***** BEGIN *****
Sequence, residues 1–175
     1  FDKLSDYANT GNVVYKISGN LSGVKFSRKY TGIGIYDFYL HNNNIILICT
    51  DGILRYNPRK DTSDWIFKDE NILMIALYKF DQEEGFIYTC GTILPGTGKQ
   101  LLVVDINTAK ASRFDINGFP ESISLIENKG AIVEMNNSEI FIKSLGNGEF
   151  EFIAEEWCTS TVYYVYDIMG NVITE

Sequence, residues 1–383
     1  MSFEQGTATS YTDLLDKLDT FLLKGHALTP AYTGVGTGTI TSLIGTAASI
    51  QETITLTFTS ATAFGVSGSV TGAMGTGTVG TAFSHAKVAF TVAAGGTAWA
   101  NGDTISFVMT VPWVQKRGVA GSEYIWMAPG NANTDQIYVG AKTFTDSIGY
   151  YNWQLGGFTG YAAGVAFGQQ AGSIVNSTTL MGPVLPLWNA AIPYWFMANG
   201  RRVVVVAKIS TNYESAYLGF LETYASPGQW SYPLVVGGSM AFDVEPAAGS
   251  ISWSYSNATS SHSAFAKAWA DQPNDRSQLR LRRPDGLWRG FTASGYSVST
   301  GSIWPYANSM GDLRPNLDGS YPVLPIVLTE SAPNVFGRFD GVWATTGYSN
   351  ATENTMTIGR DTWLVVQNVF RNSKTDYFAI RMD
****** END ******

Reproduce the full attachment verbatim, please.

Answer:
Sequence, residues 1–175
     1  FDKLSDYANT GNVVYKISGN LSGVKFSRKY TGIGIYDFYL HNNNIILICT
    51  DGILRYNPRK DTSDWIFKDE NILMIALYKF DQEEGFIYTC GTILPGTGKQ
   101  LLVVDINTAK ASRFDINGFP ESISLIENKG AIVEMNNSEI FIKSLGNGEF
   151  EFIAEEWCTS TVYYVYDIMG NVITE

Sequence, residues 1–383
     1  MSFEQGTATS YTDLLDKLDT FLLKGHALTP AYTGVGTGTI TSLIGTAASI
    51  QETITLTFTS ATAFGVSGSV TGAMGTGTVG TAFSHAKVAF TVAAGGTAWA
   101  NGDTISFVMT VPWVQKRGVA GSEYIWMAPG NANTDQIYVG AKTFTDSIGY
   151  YNWQLGGFTG YAAGVAFGQQ AGSIVNSTTL MGPVLPLWNA AIPYWFMANG
   201  RRVVVVAKIS TNYESAYLGF LETYASPGQW SYPLVVGGSM AFDVEPAAGS
   251  ISWSYSNATS SHSAFAKAWA DQPNDRSQLR LRRPDGLWRG FTASGYSVST
   301  GSIWPYANSM GDLRPNLDGS YPVLPIVLTE SAPNVFGRFD GVWATTGYSN
   351  ATENTMTIGR DTWLVVQNVF RNSKTDYFAI RMD